LESLIE W. RABINE
Harlequin, as it advertises itself, is the 'world's no. 1 publisher of romance fiction'. Like its imitators and rivals, Dell's Candlelight Romances, Bantam's Loveswept, and Simon & Schuster's Silhouette Romances, Harlequin turns out on its giant, computerized printing presses an ever-increasing number of uniformly jacketed and uniformly written romantic narratives per month. 1 Formerly a moderately successful Canadian publishing house, in 1971 it hired Lawrence Heisley, a Proctor & Gamble marketing man, as its new president. He turned feminine romantic love into superprofits for his then all-male board of directors by transferring to the sale of books the techniques used to sell detergent to housewives. By turning love into a consumer product, Harlequin increased its net earnings from $110,000 in 1970 to over $21 million by 1980.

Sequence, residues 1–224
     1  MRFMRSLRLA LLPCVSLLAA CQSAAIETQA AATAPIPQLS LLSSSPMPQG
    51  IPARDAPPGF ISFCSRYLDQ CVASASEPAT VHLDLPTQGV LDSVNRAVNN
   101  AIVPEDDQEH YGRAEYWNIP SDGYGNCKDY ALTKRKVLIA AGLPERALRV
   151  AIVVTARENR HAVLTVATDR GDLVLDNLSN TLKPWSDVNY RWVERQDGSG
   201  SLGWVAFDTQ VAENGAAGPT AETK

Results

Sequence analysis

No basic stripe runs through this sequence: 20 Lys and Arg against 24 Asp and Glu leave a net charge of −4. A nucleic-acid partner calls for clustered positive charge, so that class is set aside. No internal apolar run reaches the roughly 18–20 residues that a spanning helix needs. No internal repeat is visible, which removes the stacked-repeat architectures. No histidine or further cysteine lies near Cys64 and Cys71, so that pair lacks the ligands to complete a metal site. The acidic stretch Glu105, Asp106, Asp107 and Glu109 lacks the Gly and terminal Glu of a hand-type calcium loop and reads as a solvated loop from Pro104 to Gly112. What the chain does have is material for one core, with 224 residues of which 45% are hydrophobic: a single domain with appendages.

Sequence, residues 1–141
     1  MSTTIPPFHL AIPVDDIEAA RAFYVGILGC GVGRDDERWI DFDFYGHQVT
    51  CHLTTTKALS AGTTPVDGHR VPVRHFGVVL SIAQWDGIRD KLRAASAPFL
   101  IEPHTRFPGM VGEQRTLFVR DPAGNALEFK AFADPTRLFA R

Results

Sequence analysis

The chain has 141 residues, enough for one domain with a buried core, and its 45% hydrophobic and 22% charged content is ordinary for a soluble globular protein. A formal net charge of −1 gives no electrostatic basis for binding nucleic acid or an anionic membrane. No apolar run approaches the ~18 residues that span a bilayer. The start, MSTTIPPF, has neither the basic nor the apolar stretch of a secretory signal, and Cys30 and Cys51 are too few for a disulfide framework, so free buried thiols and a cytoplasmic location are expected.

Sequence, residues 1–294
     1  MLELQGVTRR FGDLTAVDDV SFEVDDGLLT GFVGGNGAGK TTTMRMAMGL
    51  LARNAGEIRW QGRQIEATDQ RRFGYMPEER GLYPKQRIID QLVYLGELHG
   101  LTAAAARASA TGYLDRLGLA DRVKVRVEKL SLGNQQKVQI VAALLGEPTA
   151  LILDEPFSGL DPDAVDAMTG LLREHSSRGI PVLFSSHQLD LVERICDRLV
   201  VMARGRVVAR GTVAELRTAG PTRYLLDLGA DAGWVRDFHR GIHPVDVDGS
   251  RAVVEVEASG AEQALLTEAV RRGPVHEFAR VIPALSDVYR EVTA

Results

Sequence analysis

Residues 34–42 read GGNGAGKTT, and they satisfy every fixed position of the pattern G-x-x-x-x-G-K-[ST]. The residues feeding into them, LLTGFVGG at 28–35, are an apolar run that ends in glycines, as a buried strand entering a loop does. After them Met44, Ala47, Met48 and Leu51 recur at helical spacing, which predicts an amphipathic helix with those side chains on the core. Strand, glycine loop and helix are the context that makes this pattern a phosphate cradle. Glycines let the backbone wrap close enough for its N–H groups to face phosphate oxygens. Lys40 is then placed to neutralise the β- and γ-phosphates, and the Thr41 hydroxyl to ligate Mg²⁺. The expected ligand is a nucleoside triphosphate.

But packaging alone cannot account for the loyalty of 14 million readers. The novels' flyleaf assures readers that 'no one touches the heart of a woman quite like Harlequin', and marketing statistics—188 million books sold in 1980, sales accounting for 30 per cent of all mass market paperbacks in a major bookstore chain—support this claim. 2 What exactly is the secret to a woman's heart that Harlequin and its rivals have learned, and how have they turned this knowledge into profits for themselves?
Harlequin may owe its dramatic growth in popularity to the fact that the romances now respond to specific needs of working women. Focusing on the juncture between their sexual, emotional needs on the one hand and